The late Richard Hart wrote in the Sunday Gleaner on January 1, 1995 that the USA was instrumental in getting self-government for Jamaica. They were tired of the red tape of the governor writing to England for permission to trade with the USA. And with Great Britain asking the USA to enter the Second World War on the side of Britain, the USA laid down some conditions, one of which was self-government for the colonies.

In November 1944 the new governor, Sir John Huggins, announced self-government and universal adult suffrage for Jamaica. There would be several parties contesting the December 14, 1944 General Election.

Of the 32 seats available, the JLP contested 32, the PNP contested 19, and the Jamaica Democratic Party (JDP) contested 14. The JDP was made up of the large landowners and the senior merchants. In addition, there were several small parties and independent candidates.

The JLP, led by the charismatic Alexander Bustamante, won 23 seats, Independent candidates won five seats, and the PNP won four seats. Clearly the influence of the BITU had an effect on the election. The PNP reacted by organising the Trades Union Advisory Council into the Trades Union Congress as a blanket trade union base in 1945.

In 1944 Norman Manley himself lost his bid for St Andrew Eastern. It was a strange irony that the man who led the fight for self-government would himself become a casualty of the first general election under universal suffrage.

One independent winner, Fred “Slave boy” Evans, the new Member of the House of Representatives (MHR) for Westmoreland Eastern, immediately joined the PNP, giving them a tally of five seats. Another independent winner, the MHR for Portland Eastern, Harold Allan, was appointed minister of finance and general purposes.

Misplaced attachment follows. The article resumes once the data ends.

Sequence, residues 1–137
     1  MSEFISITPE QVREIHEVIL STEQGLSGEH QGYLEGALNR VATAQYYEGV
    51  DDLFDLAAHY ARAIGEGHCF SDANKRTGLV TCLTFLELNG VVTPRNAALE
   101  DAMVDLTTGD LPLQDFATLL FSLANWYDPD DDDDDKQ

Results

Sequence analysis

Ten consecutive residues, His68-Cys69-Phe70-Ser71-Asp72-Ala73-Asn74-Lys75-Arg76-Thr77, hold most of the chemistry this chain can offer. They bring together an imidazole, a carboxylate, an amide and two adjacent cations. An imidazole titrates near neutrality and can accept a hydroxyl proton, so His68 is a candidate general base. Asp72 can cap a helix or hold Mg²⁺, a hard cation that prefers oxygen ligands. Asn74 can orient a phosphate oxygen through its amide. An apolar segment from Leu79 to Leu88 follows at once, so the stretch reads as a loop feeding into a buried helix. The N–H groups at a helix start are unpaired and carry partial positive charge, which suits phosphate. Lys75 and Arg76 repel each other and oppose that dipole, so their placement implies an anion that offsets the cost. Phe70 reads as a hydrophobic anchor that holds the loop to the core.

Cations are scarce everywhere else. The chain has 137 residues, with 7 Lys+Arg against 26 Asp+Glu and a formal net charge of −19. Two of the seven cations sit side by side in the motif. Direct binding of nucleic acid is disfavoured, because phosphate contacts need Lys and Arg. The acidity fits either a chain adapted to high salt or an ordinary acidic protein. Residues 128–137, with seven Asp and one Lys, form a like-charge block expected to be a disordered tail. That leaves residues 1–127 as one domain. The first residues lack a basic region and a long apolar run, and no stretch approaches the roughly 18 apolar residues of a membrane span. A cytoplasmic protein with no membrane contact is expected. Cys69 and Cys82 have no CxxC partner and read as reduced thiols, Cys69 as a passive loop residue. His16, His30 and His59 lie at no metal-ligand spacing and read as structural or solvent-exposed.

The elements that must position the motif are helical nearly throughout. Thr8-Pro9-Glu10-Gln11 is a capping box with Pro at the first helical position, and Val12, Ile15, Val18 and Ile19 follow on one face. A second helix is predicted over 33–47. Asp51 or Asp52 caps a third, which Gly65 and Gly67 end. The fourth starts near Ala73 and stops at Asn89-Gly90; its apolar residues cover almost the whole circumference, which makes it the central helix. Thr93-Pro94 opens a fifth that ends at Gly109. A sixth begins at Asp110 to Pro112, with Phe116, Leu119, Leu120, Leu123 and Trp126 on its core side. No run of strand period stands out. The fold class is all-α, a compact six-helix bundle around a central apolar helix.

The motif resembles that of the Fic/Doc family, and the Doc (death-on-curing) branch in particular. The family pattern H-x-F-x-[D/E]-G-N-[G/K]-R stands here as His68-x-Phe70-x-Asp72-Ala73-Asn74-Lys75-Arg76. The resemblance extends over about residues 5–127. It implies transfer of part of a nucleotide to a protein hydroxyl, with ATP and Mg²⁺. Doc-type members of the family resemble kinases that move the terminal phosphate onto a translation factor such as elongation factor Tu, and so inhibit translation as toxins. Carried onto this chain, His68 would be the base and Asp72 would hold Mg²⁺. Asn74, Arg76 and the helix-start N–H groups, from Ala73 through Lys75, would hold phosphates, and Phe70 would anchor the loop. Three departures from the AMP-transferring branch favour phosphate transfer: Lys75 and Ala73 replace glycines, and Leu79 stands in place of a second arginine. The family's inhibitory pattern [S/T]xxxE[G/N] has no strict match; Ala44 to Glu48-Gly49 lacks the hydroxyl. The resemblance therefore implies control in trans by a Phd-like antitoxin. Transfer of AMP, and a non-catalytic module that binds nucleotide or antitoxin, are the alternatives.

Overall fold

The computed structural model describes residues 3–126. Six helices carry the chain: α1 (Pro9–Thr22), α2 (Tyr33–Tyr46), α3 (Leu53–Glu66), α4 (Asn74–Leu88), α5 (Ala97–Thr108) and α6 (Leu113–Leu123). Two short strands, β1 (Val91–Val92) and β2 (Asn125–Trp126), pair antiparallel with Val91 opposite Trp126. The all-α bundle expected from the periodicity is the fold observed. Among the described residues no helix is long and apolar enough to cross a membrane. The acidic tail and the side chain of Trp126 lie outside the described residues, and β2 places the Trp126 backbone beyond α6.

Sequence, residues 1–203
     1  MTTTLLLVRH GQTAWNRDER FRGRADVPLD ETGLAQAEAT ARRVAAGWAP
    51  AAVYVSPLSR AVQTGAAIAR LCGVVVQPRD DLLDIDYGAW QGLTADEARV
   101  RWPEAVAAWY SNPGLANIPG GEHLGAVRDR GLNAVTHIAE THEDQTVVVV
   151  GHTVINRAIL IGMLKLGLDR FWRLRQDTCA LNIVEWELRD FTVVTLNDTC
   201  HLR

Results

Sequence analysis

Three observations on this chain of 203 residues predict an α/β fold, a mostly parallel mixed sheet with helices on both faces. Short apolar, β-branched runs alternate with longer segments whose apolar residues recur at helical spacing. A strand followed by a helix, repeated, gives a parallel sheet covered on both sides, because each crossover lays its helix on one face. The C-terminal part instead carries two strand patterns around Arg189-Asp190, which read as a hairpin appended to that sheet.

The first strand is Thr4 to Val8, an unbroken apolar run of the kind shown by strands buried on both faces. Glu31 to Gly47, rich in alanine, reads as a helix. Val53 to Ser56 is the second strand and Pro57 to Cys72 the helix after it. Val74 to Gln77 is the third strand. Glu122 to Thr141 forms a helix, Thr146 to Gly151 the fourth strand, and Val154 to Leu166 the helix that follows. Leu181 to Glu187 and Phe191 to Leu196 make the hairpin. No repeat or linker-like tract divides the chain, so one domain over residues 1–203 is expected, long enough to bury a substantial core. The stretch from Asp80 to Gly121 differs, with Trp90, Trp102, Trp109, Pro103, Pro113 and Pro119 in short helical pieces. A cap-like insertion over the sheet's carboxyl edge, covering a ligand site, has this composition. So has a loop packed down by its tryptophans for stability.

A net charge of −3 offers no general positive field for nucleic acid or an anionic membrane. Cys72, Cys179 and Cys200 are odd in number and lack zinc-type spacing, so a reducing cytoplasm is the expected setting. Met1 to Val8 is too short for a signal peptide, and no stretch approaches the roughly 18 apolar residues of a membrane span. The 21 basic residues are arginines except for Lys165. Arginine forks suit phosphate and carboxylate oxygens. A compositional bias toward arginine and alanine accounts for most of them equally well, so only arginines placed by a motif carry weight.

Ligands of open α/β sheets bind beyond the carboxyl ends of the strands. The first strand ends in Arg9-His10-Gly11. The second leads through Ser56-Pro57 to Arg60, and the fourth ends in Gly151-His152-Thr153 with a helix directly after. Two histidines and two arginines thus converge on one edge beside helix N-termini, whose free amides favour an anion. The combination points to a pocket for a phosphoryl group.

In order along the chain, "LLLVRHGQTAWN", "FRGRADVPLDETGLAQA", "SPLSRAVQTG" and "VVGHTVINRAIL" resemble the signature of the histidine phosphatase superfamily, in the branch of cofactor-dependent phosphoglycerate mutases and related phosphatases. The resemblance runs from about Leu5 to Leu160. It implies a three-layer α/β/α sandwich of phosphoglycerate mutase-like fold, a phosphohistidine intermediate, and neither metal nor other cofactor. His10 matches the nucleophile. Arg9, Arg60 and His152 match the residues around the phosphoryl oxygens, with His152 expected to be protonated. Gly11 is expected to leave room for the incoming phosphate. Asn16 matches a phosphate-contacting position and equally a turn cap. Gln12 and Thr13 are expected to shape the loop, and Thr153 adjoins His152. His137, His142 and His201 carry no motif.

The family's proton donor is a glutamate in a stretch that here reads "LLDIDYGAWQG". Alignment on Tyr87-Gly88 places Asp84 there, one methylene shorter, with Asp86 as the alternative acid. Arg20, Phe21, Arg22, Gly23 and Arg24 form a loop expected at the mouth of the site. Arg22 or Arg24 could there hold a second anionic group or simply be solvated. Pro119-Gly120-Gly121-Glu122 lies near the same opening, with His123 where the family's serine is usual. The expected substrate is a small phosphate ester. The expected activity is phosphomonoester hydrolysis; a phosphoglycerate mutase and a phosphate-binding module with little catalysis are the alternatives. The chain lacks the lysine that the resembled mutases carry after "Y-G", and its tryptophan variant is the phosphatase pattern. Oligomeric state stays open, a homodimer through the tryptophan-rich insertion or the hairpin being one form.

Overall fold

The JLP won again in 1949, although they gained fewer votes than the PNP. The JLP went into Opposition in 1955 with the first PNP victory and lost again in 1959. Between 1958 and 1961 Jamaica entered the West Indies Federation, but Bustamante was not in favour of federation and caused Manley to call a referendum and the people voted to secede.

The JLP won the general election in April 1962 and Bustamante became prime minister. Since political independence the JLP prime ministers have been Bustamante, Donald Sangster, Edward Seaga, Bruce Golding, and Andrew Holness.

Although the JLP has survived 75 years, it has been dogged with disunity ever since Bustamante stepped down from active politics. Bustamante himself was concerned that this would happen and this is recorded on page 244 of Alexander Bustamante and Modern Jamaica by George Eaton.

While the PNP has always been centred on its programme, the JLP tends to be centred on its leader. At the present time it is held together only by the fact that they have a small majority in the House of Representatives, and if they split they will not be in power. But how long this unity will last is anyone's guess.


Michael Burke is a research consultant, historian and current affairs analyst. Send comments to the Observer or